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Reporting for Duty: Or How to Wage Guerilla Compassion

Interesting Articles

Reporting for Duty: Or How to Wage Guerilla Compassion by Barbara Kaufmann

Painting by Barbara Kaufmann


We do war well.
We’ve mastered violence.
Instruments of war are
sophisticated, disciplined,
to wage chaos,
kill mass humans
and serve one
supreme commander—
Instead of tanks,
rocket launchers,
hand grenades,
automatic rifles…
what if
we deployed artillery
to wage compassion?

Instead of epochs spent
to conquer, colonize,
enslave, subjugate,
exploit, annex, erase,
convert, occupy, colonize,
or dominate
to exhaustion…
we found other
pastimes for amusement
like… appreciate
alleviate, mitigate,
adulterate—the power
of concert and
drafting legions
of insurgent benefactors?

We recruit youth to fight,
harden them for soldier-hood,
teach them discipline
to march in lockstep,
their cadence antiquated—
a parade to war
that’s pathetically obsolete.
But what if we trained
battalions to serve
with compassion so fierce
there’s collateral damage
heavy casualties—
and conflagration
that takes no prisoners?
What infantry might
patrol for empathy
in the darkness of night?
What arsenal would
advance the mission,
and inflict the
maximum compassion?
What could replace
the crisp salute—
snap to attention
that pays respect
to a fellow warrior
also engaged in…   love?
What salutation
speaks compassion?
Would it look something like
“Wakanda Forever!?”

What uniform would
the compassion army wear?
What color camo says
“I come in peace?”
What instrument to signal
Reveille, “charge,”
“report for duty”
to spread solidarity
where hatred advances now?
How to ascend
through the chain of command,
plan strategies for attack
on ecosystems and nations
to wield guerilla compassion
for widespread impact
and far-flung casualties?

What headquarters
would train recruits,
deploy troups?
Where is Centcom?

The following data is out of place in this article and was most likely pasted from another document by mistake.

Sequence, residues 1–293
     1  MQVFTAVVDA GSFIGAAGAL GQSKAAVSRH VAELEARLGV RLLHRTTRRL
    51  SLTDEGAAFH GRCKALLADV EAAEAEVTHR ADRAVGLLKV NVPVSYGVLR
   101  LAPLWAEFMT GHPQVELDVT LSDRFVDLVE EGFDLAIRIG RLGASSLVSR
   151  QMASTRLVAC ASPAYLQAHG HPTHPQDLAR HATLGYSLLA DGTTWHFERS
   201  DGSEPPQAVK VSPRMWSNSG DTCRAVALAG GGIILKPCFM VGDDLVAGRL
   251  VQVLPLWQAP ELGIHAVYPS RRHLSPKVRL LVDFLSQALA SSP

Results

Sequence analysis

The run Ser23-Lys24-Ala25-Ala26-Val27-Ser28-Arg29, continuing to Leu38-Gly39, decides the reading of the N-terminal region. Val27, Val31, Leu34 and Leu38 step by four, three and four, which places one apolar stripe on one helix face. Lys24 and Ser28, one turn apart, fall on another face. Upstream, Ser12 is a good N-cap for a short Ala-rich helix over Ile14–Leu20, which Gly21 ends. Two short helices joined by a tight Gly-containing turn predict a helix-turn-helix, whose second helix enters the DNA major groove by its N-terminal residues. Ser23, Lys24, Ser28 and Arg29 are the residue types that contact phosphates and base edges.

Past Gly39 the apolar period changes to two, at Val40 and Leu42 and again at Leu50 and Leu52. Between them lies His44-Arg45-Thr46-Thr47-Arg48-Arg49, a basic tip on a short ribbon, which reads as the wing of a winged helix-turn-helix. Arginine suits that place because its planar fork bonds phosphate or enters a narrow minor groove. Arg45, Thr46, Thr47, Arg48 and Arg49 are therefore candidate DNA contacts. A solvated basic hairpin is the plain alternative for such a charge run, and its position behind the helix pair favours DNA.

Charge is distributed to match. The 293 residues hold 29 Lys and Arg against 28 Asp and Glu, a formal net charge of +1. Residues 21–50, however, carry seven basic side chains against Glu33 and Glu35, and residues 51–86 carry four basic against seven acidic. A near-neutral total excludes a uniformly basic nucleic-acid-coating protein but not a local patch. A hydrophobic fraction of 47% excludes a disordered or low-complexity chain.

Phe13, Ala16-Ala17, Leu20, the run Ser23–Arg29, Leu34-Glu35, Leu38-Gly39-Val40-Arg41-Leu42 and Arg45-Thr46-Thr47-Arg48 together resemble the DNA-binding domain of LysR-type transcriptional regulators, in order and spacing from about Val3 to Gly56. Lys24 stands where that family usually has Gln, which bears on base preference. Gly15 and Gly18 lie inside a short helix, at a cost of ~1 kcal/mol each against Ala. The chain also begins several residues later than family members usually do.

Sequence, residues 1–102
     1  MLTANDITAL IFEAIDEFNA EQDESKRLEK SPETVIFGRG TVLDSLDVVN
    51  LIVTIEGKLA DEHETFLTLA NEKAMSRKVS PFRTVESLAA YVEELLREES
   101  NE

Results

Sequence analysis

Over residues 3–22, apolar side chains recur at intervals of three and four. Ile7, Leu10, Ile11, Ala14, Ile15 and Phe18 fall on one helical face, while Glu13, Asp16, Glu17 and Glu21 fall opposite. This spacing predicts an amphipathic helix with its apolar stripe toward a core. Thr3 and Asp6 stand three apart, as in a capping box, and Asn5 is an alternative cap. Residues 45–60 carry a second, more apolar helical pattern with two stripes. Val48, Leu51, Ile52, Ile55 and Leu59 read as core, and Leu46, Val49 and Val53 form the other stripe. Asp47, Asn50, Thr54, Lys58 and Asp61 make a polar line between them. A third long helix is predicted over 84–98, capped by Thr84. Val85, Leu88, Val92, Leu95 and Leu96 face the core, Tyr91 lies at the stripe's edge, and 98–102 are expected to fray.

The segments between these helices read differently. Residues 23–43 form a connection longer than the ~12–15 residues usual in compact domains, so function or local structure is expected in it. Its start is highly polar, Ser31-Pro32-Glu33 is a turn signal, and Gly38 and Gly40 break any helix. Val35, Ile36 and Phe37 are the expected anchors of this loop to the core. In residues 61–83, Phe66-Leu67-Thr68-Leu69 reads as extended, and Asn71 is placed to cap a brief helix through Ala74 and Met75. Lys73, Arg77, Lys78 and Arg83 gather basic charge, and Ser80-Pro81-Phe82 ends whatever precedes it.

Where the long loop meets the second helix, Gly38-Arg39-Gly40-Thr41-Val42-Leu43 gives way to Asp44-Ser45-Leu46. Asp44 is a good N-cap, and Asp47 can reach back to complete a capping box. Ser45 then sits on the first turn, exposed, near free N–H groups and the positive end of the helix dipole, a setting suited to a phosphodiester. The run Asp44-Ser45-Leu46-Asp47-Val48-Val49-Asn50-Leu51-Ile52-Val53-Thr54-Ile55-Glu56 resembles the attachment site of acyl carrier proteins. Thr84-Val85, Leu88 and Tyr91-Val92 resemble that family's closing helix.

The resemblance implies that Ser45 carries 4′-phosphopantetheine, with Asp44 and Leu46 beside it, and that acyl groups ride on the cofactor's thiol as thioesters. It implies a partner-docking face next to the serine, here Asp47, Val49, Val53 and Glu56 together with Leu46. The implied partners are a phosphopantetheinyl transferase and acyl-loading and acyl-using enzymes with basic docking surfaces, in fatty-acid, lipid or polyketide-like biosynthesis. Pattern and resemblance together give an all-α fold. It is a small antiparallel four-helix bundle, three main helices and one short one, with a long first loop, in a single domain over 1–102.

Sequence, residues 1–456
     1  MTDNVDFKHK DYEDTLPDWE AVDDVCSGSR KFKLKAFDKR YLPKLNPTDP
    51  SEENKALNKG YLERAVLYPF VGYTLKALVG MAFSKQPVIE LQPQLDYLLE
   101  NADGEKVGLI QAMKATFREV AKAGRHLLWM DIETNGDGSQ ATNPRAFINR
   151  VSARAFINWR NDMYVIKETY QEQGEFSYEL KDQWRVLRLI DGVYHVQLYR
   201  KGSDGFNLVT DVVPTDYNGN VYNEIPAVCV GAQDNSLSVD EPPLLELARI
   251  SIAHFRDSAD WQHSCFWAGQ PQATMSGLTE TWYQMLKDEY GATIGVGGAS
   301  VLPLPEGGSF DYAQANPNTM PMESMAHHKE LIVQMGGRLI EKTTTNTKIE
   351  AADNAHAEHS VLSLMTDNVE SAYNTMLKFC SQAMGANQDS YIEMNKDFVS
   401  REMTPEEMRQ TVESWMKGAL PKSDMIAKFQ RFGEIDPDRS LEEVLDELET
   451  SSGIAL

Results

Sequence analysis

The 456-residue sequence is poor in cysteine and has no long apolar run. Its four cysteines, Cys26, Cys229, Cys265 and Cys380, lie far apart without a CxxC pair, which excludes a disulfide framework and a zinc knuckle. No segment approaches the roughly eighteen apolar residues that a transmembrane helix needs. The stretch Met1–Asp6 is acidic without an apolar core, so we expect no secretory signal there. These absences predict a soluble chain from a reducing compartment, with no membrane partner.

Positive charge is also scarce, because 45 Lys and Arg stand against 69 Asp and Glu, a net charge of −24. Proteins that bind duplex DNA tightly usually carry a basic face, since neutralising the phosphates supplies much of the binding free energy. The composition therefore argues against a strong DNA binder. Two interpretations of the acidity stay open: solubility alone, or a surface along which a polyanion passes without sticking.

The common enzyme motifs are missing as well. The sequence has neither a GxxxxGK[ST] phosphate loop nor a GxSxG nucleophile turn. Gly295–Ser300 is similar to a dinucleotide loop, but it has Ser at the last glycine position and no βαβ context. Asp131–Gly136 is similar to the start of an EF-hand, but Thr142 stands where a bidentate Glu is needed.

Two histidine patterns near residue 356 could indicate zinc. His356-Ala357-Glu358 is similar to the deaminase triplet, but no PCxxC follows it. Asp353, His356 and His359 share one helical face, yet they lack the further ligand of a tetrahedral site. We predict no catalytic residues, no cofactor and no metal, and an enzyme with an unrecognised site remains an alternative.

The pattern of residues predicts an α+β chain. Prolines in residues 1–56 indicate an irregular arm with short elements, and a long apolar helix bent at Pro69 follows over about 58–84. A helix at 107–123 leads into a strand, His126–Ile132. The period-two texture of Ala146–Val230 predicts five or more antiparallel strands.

What commander
gives the order
to dispatch the ranks,
surround the perimeter
and hand to hand—  combat
the hatred,
maintain the barrage
until there’s unconditional—

Would thoughts and prayers
be enough
to address a wrong?
Pacify in disaster?
Or deployed for tragedy,
quench a different thirst
used to blood?
Would the human tongue
sharpened by
the knife of time,
trained by habit,
weaponized for war
(already on hind legs)
lash out in anger
or hold the ground
and forward position?

War doesn’t work.
We can’t afford war
and its now puny distraction.
The stakes are far greater
than we can comfortably contain
or even speak into words.
We have a planet to save—
we have to heal a homeland—
the homestead now, is Earth.
What if 
instead of the impulse
to “otherize,”
our default position
was solidarity?
A kindship with humans
made “other” only by habit,
that defers now to brotherhood
(instead of the adrenalin,
yes… that alleviates boredom)
to evacuate old trenches
in pursuit of
other amusements?

Did this journey feel awkward?
Is it because
we’re intimate with
the language of conflict, but
the vernacular of compassion,
not so much.
Where are the open-handed ones?
The open hearted ones?
Where the helpers—
Mr. Rogers said to look for?
Are we the ones we’ve
been waiting for?
A different kind of
strike force?
Could it be true
we’re here—now—for a reason
because we were
made for these times?
Will my outstretched hand
fit in yours?
And won’t you be… my neighbor?


© Barbara Kaufmann 2023


Commentary “Reporting for Duty: Or How to Wage Guerilla Compassion”

This poem had its genesis as a theme and a means to promote compassion as a viable aspiration for the world—something I’ve made my legacy work. I wondered what would get people’s attention; what would move them into action? This piece turns war on its head. It’s designed to startle.